I’m thrilled today to introduce a project that combines my biggest interests–oral storytelling and cultural heritage outreach through crowdsourcing. It’s appropriately called Tell History.
And it was developed by Alex Whitcomb and Sarah Hayes. They’re crowdsourcing video-based memories that they tie to themes, timelines and maps. We all have a friend or relative who has a fascinating story to tell. TellHistory.com can help you help them to share that story in historical context. It’s also an inspiring story about how you can take your passion, and evolve it into a platform for the greater good. The interview starts with Alex and Sarah describing their own bit of history in the development of this project….
Crowdsourcing Historical Memory Topics
What has the response been like?
I know from personal experience that it can be very difficult to build engagement in digital projects. How have you gotten so many folks to contribute videos to the project?
Tell me a little about how Tell History works …
I think it’s interesting that you use a Theme of the Week to focus your contributions. How do you identify those?
What kind of audiences are contributing to Tell History, and what kind of stories are capturing your attention?
You’ve made it very easy for folks contribute to Tell History. Describe that process …
How have you been using social media to support the growth of Tell History?
What kind of stories and themes are you focusing on for the future?
Describe what your “big picture” goal is for Tell History …
A project of this scope only happens because of people who believe in you and what you’re trying to achieve. Are there any folks who have contributed to the site that you’d like to give a shout-out to?
Sometimes recording a podcast or oral history can be more intimidating than the interview itself. After all, the final product is a tribute to the person you are interviewing. Technology for capturing audio has become simpler and easier to use in the last few years, but sorting out which instruments produce the best results is not as obvious.
I’ve recorded more than 100 hours of interviews in the last year alone. Most of these were heritage related and shared on the web. I’ve learned a few things about recording media (mostly from trial and error) and thought I’d share a few of my recommendations for equipment that will help you record a high-quality product that is suitable to archive (Note: some of these are Amazon affiliate links).
If you have an iPhone, you potentially have pretty decent recorder already. Just download the 99 cent app called “Recorder” from iTunes and you have a device that can capture almost any conversation. Face-to-face interviews are easy, but what makes this app so special is that you can purchase minutes inexpensively to record phone calls to land lines as well. The resulting audio is mediocre, but in cases where you don’t have direct access to your interviewee or the ability to chat with them online, this is a terrific solution.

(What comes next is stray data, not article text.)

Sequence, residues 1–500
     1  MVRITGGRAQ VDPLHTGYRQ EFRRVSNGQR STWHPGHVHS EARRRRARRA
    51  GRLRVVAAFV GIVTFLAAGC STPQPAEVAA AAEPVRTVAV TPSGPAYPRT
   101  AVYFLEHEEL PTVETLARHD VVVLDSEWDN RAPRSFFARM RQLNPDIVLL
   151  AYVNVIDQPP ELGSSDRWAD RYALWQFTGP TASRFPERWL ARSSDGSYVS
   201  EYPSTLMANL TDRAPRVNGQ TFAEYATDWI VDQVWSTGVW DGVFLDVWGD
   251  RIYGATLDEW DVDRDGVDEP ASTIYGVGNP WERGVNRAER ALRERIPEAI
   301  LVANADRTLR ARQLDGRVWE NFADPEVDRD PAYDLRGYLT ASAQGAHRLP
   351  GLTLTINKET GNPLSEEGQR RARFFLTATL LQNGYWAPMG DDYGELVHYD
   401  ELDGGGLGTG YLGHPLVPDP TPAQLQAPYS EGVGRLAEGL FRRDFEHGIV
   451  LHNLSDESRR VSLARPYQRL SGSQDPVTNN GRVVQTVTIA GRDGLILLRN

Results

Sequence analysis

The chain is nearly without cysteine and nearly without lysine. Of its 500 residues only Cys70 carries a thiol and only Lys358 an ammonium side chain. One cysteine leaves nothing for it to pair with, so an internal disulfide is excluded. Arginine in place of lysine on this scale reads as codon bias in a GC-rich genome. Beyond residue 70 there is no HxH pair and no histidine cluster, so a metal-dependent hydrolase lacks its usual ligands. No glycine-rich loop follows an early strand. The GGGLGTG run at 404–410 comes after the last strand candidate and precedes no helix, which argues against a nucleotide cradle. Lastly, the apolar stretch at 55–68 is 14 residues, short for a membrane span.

One of the most popular portable digital recorders on the market is the Zoom H2 Handy Portable Stereo Recorder. I’ve recorded many interviews with this flexible device. The H2 can be used on any standard tripod and comes with attachments that allow it to stand up on a table for group interviews, or be used as a handheld mic for standing “reporter-style” exchanges. Its chic “old-time radio” design is unfortunately offset by a cheap plastic casing. But it produces very good sound and is easy to use. At less than $150, it strikes the right balance between price and performance.
For $100 more, the Edirol R-09HR High-Resolution WAVE/MP3 Recorder is my personal choice for audio recorders. In fact, mine goes with me just about everywhere. It’s a tad smaller than the H2 and has a more understated casing of black with silver accents. It doesn’t have any fancy attachments and runs through batteries a bit more quickly than the H2. So why do I prefer it? It records sound beautifully. Few other portable products come close. The better your sound, the more flexibility you have in sharing it.
Both the Edirol and the Zoom H2 use AA batteries and record to SD Flash Memory Cards. Both come with USB cords to download your recordings. The Recorder app on the iPhone will actually save recordings on the phone or online, giving you a web link to listen to the file, download it, or even share it.
If you would like to record directly to your computer, $70 will buy a pretty decent microphone that hooks into your USB port. Early on, I used the Blue Microphones Snowball USB Microphone (Brushed Aluminum), which has a cool form factor and records well enough for most folks. I recommend these for quick voice-over work since a laptop and large microphone will likely intimidate most interviewees.
If your interviewee has a webcam, Skype is a great option for recording interviews and provides a more personal connection than a phone call. I’ve interviewed folks from Australia, Scotland, Hong Kong and Naples on Skype with excellent results. Call Recorder is the gold standard software for recording Skype conversations on a Mac. Pamela is its equivalent on the PC. Both are inexpensive downloads, and great for recording conversations with the kids and distant relatives if nothing else.
Whether you choose the portable or direct methods of recording, you will ultimately need software to edit your files. Fortunately, some of the simplest software options are free. Audacity is an open-source program that runs on Macs and PCs. Garageband is a program that comes standard on most Macs. Each of these products let you “see” the soundwaves in your recording to edit extraneous noise and even out tones.
If you have questions about these products or others for recording your interviews, or would like to start your own heritage podcast, feel free to contact me.